On Le Fil (The Thread), the human voice is not so much an instrument as it is an entire orchestra. Experimental, defiantly French and impossible to ignore, the 18 brief tracks, united by the thread of a single unobtrusive note sustained throughout the album, get under the skin and stay there.
That's a good thing, mostly: French sensation Camille's music is both idiosyncratic and innovative -- sort of a cross between French pop and a cappella on hallucinogens -- without being unlistenable. No mean feat, considering the CD includes the sounds of lips being popped, raspberries being blown and tongues performing unlikely acrobatics. Nearly all the sounds on the CD come from Camille's single and certainly singular throat, with a little help from technology and light instrumentation. Over her densely layered soundscapes, harmonies and syncopated rhythms, Camille sings of everything from dysfunctional relationships to grammar and Egyptian deities. Alternately sounding like a schoolgirl, a retro chanteuse and a rebellious teenager, Camille's pleasant but otherwise unextraordinary voice becomes distinctive in its extreme versatility.
The CD opens with "La Jeune Fille aux Cheveux Blancs (The Young Girl with White Hair)." It's probably about the closest Camille comes to either straight pop or a cappella, but the unconventional chorus suggests the eccentricity that fully emerges on the percussion of "Ta Douleur (Your Pain)," a swingy, upbeat piece about, well, pain. With raspberries. It's eclectic, but it works. The same could be said of the whole CD: "Rue de Menilmontant" is a dainty retro-sounding tune that would fit on the soundtrack to Amelie, but its simplicity is more than balanced out by the three "Janine" tracks. All use the same simple melody but modify lyrics, tone and tempo to the effect that the first is arch and mischievous, the second langorous and sultry, the third infuriated and chaotic. It has Camille spitting out in rapid French, "Pourquoi tu m'appelles erreur / alors que je suis humaine? (Why do you call me error when I am human?)" Together the three variations capture the emotional and auditory range of Le Fil in all its damaged innocence, suppressed neuroticism and insistent individuality.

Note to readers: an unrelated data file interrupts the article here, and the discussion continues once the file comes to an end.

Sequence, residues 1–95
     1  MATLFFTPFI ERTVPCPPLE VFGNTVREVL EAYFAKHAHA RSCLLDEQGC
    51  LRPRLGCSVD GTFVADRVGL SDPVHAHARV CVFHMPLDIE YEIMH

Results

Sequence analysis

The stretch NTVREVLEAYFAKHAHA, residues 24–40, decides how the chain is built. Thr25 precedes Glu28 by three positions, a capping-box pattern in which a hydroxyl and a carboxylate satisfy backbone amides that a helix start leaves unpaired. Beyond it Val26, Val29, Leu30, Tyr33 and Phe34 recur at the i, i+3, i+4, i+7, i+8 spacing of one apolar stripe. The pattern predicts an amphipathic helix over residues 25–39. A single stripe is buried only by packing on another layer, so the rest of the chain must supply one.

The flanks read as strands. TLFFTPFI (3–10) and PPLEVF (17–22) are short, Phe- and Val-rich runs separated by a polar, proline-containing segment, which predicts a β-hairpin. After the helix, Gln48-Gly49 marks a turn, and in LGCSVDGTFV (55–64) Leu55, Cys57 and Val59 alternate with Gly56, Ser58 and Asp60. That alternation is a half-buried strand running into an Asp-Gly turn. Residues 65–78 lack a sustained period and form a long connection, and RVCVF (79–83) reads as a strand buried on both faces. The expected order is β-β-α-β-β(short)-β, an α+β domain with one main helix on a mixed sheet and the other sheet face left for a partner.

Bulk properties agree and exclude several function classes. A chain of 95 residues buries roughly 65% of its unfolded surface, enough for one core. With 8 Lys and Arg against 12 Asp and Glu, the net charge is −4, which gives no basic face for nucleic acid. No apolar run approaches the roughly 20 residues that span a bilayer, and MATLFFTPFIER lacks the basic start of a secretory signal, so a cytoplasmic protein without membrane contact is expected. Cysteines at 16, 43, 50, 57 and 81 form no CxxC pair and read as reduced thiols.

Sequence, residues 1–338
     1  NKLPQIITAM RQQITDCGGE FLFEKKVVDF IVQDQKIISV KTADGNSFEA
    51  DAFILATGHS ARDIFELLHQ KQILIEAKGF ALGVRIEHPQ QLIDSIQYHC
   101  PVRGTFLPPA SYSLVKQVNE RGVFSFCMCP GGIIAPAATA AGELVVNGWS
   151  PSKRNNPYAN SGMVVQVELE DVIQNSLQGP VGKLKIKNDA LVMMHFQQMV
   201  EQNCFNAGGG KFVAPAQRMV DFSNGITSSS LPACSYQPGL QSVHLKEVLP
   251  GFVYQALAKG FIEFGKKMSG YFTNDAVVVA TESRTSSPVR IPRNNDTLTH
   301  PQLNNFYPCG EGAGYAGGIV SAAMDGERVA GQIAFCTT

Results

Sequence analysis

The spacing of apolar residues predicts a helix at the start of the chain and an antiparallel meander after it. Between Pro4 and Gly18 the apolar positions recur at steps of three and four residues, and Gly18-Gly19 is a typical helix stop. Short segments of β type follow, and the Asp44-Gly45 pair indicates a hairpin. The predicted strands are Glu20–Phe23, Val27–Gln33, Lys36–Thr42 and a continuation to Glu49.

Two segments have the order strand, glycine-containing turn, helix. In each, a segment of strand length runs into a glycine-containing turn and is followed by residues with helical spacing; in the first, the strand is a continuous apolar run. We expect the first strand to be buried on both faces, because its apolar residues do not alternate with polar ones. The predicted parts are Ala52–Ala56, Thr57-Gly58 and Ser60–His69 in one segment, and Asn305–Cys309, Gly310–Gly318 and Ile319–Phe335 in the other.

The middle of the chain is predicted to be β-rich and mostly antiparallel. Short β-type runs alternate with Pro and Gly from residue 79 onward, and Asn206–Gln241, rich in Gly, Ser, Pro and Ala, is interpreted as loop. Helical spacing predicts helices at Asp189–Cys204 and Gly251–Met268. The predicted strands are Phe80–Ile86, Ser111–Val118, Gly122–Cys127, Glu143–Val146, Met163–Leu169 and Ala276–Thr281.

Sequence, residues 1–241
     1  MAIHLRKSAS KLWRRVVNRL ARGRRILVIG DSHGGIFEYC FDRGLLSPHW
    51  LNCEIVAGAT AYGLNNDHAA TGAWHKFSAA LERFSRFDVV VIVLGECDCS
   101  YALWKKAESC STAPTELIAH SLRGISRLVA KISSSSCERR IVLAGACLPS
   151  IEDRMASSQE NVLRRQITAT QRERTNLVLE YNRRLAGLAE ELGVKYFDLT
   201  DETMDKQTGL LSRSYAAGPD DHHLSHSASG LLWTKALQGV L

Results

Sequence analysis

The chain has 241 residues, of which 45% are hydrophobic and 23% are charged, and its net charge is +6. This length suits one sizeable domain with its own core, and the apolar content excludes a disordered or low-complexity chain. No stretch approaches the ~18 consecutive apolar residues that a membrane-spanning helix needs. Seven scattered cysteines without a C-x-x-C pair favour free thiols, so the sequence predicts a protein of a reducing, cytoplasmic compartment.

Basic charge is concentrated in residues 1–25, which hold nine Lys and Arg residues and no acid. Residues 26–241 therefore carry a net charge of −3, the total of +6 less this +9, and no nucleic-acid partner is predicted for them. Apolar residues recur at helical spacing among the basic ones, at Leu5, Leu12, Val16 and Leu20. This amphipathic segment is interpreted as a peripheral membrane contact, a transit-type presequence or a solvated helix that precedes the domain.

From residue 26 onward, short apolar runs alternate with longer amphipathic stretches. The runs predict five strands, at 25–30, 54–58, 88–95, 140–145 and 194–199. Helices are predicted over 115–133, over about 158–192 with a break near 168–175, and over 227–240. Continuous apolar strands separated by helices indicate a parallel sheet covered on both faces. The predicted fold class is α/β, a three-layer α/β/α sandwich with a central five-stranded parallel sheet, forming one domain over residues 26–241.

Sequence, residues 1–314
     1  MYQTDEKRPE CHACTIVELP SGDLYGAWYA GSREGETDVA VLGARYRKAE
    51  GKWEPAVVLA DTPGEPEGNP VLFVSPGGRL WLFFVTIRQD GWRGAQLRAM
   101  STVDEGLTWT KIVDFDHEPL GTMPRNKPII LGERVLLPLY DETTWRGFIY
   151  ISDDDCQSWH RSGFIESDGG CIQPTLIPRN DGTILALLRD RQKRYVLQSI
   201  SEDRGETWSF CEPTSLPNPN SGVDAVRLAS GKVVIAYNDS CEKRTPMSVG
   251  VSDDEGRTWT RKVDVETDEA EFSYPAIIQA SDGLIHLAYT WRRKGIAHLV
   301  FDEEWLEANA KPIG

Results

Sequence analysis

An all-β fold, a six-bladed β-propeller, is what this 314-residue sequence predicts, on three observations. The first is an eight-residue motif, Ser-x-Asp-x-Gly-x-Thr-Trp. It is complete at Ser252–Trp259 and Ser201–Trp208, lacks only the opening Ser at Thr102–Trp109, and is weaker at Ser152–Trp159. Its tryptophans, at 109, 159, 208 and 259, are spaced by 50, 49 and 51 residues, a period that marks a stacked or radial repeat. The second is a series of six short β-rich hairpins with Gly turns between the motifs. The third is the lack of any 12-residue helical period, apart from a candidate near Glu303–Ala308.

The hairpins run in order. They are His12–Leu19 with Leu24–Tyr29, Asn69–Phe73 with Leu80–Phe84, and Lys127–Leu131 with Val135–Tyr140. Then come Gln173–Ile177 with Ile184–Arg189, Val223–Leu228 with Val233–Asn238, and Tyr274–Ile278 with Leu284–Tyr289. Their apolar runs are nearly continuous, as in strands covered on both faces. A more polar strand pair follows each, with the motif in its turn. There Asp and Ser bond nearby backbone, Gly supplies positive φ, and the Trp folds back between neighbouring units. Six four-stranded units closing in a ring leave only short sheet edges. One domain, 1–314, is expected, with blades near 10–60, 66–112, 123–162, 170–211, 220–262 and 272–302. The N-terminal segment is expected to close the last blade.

There are just a few snags in the thread. The slow ballad "Pour Que l'Amour Me Quitte (So That Love Leaves Me)" with its '80s synthesizer background is rather dull, and the three bonus tracks tacked on to the end don't quite seem to fit the rest of the CD -- the noisy "J'ai Tort" (which does not, as I initially thought, have anything to do with cake) culminates in a squeal that sounds uncannily like a tortured electric guitar. The last of the bonus tracks, "Lumiere," includes a half hour of the same single note. I get the metaphor (sustained note = musical thread), but 30 minutes of metaphor is pretentious and self-indulgent, even to an ex-English major.
A final caveat: the French lyrics included in the liner notes are left largely untranslated, to the woe of all of us who are less than proficient in French. To an extent, the words are unimportant to appreciating the music -- my favorite track, after all, is the bell-like, wordless "Senza." But the French lyrics tantalize by suggesting Camille's words are as poetic, startling and unconventional as her music. In "Vous," for example, there seems to be something about a talking hippo in a tutu along with an unmistakable reference to Tony Blair.
It becomes obvious that the real thread that runs through the CD is not so much the droned note, but the unflagging creativity of the whole. Like the work of fellow experimental artists Bjork and Jorane, Le Fil is not exactly easy listening -- but it is stimulating and unexpectedly palatable, a cocktail for the auditory senses.
by Jennifer Mo